What can an employer do?

Employers can support employees in a variety of ways. Reviewing existing policies around flexible work arrangements and leave of absence, including bereavement, is one step. Finding options that work for both the company and the employee is essential.

Providing information on end-of-life planning such as palliative and hospice care and advance directives is also something employers can do. This helps employees plan ahead, before life-threatening or life-limiting situations occur for themselves and their loved ones. The information can be in the form of newsletters, webinars, seminars or online resource links. Some companies have chosen to make end-of-life education a part of employee wellness programs. Connecting end-of-life planning to wellness helps create a readiness to plan for death as a more natural part of life, like planning for retirement.

What other resources are available for employers?

The National Business Group on Health (NBGH) has developed an employer toolkit around caregiving and end-of-life issues and their impact on businesses. Also, various vendors of services to employers can offer information, which should be packaged in ways that can be easily incorporated into benefit offerings and communication vehicles.

Many organizations embrace events such as National Healthcare Decisions Day. This is designed to encourage people to have thoughtful conversations about their health care decisions and about completing reliable advance directives to make their wishes known. It’s not just about living wills; it is more important that the conversation take place.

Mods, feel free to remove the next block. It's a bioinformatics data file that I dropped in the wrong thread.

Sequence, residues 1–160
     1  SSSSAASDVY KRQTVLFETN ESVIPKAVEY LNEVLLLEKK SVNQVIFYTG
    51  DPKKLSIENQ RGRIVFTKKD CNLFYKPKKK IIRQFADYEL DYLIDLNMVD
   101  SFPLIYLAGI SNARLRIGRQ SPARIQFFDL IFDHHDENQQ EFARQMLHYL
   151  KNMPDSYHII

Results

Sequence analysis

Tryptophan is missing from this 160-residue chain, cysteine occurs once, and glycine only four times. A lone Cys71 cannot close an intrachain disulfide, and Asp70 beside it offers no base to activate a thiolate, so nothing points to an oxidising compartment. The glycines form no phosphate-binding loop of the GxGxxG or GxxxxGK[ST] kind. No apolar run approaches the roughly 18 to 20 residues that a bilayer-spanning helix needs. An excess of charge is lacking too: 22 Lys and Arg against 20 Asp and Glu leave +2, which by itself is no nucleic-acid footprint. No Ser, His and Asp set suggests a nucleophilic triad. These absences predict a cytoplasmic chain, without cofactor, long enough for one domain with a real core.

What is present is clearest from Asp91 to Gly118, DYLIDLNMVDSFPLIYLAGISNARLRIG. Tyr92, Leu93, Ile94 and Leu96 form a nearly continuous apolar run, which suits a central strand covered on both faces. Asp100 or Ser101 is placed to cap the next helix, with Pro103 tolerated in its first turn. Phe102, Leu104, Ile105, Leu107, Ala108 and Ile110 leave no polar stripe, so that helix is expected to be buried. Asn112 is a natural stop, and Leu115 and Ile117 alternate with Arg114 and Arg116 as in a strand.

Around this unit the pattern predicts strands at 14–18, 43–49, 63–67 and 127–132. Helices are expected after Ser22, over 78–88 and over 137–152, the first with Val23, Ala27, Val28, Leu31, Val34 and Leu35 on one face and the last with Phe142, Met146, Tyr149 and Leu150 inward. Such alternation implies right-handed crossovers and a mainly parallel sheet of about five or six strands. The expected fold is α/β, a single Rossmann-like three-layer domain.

Can an EAP help?

An employee assistance program (EAP) can be a valuable resource to both employers and employees around caregiving and end-of-life issues. An EAP supports the employer and the employee in preparing to address these issues. For the employer, the EAP can assist with policy review and links to resources. It also educates the workplace about the impact of these issues personally and in bottom-line costs to the company. Finally, EAP professionals provide consultation to leadership and managers when faced with challenging employee situations related to caregiving.

On the employee side, EAPs provide assistance and resources for employees so they can be productive at work and enjoy their personal life. The EAP’s trained professionals address the stress of caregiving, coach the employee on how to start the conversation about end-of-life planning and ultimately provide grief counseling. Some EAPs may be able to provide resources for legal consultation around end-of-life issues. An EAP is a good resource for materials/information on caregiving, palliative and hospice care, and advance directives. <<

Karen Merrick is an account manager for LifeSolutions, an employee assistance program that is part of UPMC WorkPartners. Reach her at merrickkl@upmc.edu or (412)-647-9294.